This is the reason why it can be said that some men who may lift heavy weights or travel great distances have not completed any hard work. Rather, it is the intent that matters. Blindly following ‘mental orders’ out of rote or submission to perceived authority is not work, it’s simply living out pre-existing and pre-determined fate.
You see, if one intends to change or transform the fundamental forces that shape one’s future, he must intend to do so, in order to break free from past habits and well-worn pathways. One must build new pathways, which is true work, and most men fall short of this out of fear or insecurity.
Those who do forge new directions in the Universe begin to see the unfolding of a type of true limitless Abundance, for as we tap into the source of vital energy, we see that there is a never-ending supply of what we need, no matter where we are.
Intending and producing this type of effort, we must always be aware and vigilant that our efforts are right, and this is where the question of morality enters. Buddhism talks about right livelihood and right effort, and to really know what these things are, one must practice morality in all of one’s dealings.
What this means is that, because of the laws of karma and the idea that what we put out in the world will always come back to us in equal force, a moral life is the only way to assure a prosperous and Abundant future in this world, and beyond the grave.
Sometimes we might believe that we can ‘pull a fast one’ and hide in the shadows, letting minor or even major transgressions sip by, thinking they will do us no harm.
But knowing that all that we think and do is judged by the final judge – ourselves – we realize that there is nothing under the sun that is not seen and heard by our fundamental, all-knowing nature.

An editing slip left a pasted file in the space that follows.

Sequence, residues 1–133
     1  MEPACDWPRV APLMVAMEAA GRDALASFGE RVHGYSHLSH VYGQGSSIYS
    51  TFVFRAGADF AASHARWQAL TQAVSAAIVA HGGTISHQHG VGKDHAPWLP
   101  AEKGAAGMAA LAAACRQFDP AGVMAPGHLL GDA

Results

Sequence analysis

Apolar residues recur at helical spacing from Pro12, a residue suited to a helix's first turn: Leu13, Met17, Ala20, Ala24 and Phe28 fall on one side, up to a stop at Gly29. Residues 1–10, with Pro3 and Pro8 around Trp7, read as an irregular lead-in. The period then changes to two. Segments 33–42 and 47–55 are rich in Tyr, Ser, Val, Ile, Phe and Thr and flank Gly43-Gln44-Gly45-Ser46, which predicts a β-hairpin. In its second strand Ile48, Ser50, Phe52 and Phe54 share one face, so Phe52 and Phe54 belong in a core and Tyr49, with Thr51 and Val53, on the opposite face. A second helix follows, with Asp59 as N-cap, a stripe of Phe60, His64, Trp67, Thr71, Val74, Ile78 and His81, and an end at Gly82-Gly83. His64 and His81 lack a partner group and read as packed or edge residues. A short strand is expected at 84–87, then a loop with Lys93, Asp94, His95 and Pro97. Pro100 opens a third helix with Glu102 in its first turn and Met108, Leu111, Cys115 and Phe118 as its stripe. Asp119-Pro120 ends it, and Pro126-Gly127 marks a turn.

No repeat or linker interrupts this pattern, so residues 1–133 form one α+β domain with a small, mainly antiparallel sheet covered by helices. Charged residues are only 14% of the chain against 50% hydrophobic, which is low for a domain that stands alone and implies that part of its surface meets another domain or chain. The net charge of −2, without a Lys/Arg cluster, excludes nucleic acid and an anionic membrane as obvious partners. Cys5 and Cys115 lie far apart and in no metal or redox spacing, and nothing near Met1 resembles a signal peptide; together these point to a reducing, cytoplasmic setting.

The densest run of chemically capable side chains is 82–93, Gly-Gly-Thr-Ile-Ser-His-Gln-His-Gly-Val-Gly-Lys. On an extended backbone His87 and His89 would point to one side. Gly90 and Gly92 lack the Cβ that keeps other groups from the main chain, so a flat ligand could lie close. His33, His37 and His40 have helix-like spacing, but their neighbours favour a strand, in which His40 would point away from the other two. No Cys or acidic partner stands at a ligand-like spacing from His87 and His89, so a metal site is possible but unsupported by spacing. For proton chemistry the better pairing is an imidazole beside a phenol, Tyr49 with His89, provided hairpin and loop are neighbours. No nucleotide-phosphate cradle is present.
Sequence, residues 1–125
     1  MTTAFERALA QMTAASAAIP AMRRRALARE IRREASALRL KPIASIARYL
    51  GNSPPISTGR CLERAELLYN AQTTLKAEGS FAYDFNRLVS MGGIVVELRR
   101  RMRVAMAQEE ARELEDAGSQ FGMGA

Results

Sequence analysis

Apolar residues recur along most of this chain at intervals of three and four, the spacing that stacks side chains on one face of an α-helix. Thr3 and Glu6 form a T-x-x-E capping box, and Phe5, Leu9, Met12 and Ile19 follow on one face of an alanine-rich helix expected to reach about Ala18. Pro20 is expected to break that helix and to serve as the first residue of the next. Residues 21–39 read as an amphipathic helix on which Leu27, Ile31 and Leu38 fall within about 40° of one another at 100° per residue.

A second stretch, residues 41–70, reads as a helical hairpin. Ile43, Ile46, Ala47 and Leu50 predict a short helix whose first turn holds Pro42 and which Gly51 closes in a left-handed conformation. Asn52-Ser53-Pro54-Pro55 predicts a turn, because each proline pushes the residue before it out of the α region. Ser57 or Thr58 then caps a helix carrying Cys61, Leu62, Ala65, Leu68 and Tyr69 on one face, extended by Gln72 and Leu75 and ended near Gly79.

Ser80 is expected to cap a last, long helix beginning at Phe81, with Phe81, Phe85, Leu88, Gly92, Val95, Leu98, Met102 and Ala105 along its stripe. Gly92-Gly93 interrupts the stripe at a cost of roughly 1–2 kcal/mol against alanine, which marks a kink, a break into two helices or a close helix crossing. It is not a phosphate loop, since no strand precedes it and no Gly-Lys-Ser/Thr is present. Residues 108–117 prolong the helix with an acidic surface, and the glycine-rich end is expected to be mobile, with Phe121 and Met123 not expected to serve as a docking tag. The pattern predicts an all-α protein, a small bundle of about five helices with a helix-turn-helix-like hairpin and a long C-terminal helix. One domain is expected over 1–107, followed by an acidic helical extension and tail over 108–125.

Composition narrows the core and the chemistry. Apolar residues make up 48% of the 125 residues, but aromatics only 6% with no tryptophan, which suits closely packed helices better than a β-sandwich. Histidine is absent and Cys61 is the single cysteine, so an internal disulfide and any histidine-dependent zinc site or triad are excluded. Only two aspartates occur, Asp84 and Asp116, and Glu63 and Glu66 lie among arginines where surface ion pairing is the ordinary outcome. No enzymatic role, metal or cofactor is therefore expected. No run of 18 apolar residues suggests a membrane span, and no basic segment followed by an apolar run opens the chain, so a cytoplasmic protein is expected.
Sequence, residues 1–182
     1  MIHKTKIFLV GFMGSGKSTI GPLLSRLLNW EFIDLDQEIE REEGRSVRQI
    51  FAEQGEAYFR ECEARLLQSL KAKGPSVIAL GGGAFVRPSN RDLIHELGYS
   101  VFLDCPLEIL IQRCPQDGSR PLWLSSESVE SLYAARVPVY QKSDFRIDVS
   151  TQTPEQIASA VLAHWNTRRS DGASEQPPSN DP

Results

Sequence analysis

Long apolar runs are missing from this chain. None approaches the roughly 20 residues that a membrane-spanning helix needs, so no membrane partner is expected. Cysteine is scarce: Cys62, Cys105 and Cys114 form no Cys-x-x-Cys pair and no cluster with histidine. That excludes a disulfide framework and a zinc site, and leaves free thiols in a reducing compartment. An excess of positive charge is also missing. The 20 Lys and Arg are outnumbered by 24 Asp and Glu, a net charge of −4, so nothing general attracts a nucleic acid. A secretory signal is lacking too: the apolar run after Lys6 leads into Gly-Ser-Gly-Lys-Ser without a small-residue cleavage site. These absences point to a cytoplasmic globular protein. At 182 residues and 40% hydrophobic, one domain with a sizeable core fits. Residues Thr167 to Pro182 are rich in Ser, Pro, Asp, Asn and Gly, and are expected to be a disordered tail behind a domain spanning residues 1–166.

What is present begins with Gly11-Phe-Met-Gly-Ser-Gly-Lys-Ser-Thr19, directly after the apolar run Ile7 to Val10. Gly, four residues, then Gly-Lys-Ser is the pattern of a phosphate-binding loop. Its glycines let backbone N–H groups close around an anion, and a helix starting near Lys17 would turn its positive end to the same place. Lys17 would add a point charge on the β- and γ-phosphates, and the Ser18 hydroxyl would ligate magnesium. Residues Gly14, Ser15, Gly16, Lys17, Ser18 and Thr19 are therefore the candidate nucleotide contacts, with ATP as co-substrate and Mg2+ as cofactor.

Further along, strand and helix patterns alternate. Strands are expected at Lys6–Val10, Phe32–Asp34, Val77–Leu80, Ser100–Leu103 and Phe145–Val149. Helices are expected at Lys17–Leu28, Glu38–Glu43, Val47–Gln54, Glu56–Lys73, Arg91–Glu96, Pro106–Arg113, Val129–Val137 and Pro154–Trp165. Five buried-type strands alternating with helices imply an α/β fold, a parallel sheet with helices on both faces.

Because of this, only by monitoring and measuring our own state of being on a continual basis, and striving toward moral perfection can we truly become free of negative results and punishment in this world.
Whether we realize it or not, because of the interdependence and interconnectedness of all phenomena, this is not a matter of choice, but rather a matter of duty and obligation. You see, the Universe is always completely fair. The life we have is the life we ourselves have created, and realizing this we undertake complete personal responsibility for changing our future.
Another way of describing the process of striving towards perfect morality is this monitoring and measuring of our thoughts and actions, also known as cessation-contemplation meditation.
Through cessation, we aim to calm our minds of distracting thoughts, fears, lust, and other divergences from the peace and calmness that exist beyond and underneath all of those things. Through contemplation, we see these phenomena for what they are, transient and without substance, making it easier to let go of them and not cling to the negative karmic results that would otherwise be perpetuated.